Houston Early Music Festival
Over the last few decades, Houston has been quietly developing one of the most exciting early music scenes in the country. Four of the top early music groups in town—Houston Early Music, the Bach Society Houston, Ars Lyrica, and Mercury (which used to be called Mercury Baroque but now plays music from the 19th century as well)—teamed up last year to launch the Houston Early Music Festival. This weekend's performances include Bach's complete Branderburg Concertos by Mercury, Bach's Mass in B Minor by the Bach Society Houston, and a chamber music concert by Ars Lyrica and Music at St. Philip. See our full story here.
Thru Feb 16. Multiple events and locations—check houstonearlymusicfestival.org
Magritte: The Mystery of the Ordinary, 1926–1938 (Feb 14–June 1) & Memories of a Voyage: The Late Works of René Magritte (Feb 14–July 13)
The Menil Collection holds the world’s largest privately assembled Magritte collection, so it makes sense that it would host these simultaneous exhibitions, the first focusing on the beginning of the French painter’s career, the second on Magritte’s late works. See our full story here.
Wed–Sun 11–7. Free. The Menil Collection, 1533 Sul Ross St. 713-525-9400. menil.org
Georges Braque: A Retrospective
Braque famously described his collaboration with Picasso as “two mountain-climbers roped together.” Together, the two climbers invented Cubism, the revolutionary style that shattered the idiom of artistic realism and created what we now know as modern art. Since then, Braque has been overshadowed by the more charismatic Picasso, but the 50th anniversary of Braque’s death provides the perfect opportunity to reevaluate his work.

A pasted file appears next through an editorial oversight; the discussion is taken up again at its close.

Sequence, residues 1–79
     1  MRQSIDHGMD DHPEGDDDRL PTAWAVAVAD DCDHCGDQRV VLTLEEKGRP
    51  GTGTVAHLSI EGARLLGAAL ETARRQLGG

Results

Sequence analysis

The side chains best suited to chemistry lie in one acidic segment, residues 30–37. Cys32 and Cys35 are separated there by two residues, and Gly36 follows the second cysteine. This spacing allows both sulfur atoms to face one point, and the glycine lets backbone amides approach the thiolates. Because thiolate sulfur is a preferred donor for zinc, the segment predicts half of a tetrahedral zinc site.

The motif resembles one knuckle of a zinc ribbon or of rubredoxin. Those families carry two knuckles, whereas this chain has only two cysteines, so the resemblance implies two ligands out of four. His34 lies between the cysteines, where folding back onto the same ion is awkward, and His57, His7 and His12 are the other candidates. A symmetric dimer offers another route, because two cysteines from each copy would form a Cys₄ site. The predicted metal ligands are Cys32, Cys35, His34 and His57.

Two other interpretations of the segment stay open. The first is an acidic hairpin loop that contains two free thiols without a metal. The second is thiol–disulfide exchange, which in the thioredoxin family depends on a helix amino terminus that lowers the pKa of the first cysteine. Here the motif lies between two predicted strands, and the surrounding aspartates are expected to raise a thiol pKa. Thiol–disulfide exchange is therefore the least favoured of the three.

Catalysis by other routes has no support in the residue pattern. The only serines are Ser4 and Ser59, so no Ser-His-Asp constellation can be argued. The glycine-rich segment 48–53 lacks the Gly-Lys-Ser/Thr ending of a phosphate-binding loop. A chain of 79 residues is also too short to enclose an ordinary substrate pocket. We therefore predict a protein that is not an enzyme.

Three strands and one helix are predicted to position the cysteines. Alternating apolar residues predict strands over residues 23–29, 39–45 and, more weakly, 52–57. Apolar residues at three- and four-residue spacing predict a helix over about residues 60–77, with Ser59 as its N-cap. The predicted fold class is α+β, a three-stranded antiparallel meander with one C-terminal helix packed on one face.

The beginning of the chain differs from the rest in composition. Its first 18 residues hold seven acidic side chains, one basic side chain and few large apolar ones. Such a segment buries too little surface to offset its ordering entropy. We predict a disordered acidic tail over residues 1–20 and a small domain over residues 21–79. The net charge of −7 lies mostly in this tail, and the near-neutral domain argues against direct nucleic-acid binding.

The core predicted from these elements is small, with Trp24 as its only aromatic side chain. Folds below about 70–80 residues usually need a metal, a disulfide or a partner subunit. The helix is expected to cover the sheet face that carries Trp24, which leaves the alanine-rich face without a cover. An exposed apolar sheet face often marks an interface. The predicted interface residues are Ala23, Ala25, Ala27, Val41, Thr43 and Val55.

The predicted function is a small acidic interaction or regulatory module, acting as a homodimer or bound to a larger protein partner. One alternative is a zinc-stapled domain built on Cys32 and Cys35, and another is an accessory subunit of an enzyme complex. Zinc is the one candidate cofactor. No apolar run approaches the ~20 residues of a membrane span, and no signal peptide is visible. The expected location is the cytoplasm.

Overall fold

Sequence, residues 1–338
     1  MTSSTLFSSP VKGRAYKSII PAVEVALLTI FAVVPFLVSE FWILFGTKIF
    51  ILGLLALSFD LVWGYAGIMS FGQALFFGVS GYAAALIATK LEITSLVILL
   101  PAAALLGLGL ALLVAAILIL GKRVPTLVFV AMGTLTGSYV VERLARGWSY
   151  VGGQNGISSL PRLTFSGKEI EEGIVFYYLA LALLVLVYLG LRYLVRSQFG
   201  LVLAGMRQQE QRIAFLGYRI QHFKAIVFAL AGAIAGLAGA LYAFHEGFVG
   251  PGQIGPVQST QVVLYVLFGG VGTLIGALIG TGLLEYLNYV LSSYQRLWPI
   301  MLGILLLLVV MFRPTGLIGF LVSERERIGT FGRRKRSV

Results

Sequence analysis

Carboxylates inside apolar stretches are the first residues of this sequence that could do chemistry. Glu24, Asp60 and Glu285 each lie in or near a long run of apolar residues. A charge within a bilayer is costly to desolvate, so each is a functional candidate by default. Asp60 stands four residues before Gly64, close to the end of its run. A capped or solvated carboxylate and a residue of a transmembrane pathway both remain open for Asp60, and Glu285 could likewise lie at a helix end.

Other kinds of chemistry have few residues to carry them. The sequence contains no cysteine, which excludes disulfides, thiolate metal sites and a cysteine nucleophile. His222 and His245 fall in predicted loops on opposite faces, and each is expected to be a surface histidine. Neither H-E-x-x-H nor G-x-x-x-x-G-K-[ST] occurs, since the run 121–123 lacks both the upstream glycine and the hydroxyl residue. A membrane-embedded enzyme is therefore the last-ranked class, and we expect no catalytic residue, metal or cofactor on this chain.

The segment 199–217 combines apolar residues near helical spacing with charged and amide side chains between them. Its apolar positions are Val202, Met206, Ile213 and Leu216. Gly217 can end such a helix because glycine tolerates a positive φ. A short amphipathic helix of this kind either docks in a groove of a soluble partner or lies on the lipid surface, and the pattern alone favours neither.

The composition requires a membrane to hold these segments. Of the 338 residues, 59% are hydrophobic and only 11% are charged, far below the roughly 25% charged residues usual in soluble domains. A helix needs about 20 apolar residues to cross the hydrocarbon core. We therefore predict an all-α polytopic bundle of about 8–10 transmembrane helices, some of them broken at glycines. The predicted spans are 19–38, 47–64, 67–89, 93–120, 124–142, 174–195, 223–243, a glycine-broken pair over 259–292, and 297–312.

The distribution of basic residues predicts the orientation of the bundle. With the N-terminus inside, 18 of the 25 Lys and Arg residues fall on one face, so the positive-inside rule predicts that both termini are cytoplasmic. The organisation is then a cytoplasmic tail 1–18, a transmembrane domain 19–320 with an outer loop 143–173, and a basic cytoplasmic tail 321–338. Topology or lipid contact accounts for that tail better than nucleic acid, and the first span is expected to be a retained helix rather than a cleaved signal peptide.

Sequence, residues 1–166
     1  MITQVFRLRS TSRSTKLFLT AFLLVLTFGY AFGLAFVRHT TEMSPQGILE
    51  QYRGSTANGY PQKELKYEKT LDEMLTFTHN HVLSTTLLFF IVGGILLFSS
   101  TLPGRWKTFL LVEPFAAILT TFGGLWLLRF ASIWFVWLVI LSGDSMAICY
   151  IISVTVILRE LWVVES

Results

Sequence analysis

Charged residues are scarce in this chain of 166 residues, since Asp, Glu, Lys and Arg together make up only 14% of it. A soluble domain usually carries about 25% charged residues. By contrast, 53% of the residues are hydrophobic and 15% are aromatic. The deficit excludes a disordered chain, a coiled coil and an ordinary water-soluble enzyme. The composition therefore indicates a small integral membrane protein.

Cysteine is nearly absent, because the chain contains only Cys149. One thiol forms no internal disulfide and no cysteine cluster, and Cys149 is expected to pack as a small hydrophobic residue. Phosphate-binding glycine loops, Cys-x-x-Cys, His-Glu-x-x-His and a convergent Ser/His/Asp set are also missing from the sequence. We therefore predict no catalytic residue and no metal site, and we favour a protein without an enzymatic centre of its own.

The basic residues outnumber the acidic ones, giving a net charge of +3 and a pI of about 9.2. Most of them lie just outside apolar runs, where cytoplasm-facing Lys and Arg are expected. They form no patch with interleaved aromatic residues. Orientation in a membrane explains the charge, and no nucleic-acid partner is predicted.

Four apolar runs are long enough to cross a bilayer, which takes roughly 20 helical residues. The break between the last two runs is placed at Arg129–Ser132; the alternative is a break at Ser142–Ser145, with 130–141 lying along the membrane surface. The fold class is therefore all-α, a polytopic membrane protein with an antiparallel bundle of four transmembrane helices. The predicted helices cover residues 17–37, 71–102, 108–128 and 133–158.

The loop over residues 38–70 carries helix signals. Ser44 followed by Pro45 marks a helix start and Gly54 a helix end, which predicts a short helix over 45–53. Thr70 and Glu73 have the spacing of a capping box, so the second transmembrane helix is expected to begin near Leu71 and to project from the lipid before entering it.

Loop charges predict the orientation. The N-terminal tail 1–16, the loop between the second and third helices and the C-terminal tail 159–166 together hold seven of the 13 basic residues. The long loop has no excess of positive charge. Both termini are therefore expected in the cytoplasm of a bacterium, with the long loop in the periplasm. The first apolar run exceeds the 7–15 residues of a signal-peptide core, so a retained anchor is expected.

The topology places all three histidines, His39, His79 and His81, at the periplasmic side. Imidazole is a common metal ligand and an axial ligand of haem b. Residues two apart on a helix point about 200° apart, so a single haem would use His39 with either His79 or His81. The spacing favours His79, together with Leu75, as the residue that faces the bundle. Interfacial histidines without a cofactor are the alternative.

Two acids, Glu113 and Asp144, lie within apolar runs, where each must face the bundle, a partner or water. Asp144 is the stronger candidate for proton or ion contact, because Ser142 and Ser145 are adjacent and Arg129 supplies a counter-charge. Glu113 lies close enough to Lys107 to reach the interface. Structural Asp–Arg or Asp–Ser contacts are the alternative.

Feb 13–May 11. The Museum of Fine Arts, Houston, 1001 Bissonnet St. 713-639-7300. mfah.org
Houston suddenly seems to have become a magnet for world-historical artifacts. Last year the Museum of Fine Arts hosted the Cyrus Cylinder, known as the “world's first declaration of human rights,” and now the Houston Museum of Natural Science will be displaying a rare copy of the Magna Carta, the 13th century English document that established the principle of habeas corpus. See our full story here.
Feb 14–Aug 17. Mon–Sun 9–5. $20; children, college students, seniors, and military $15; Thursdays free. The Houston Museum of Natural Science, 5555 Hermann Park Dr. 713-639-4629. hmns.org
Seat of Empire: The Embattled Birth of Austin, Texas
As most Houstonians know, Austin was only chosen as the capital of the Republic of Texas in 1839, after legislators revolted against being forced to live on the malarial, swampy Gulf Coast. Historian Jeffrey Kerr provides a new account of the city’s birth, focusing on the rivalry between Mirabeau Lamar and Sam Houston, the republic’s first two presidents.
Feb 15 at 2. Free. Brazos Bookstore, 2421 Bissonnet St. 713-523-0701. brazosbookstore.com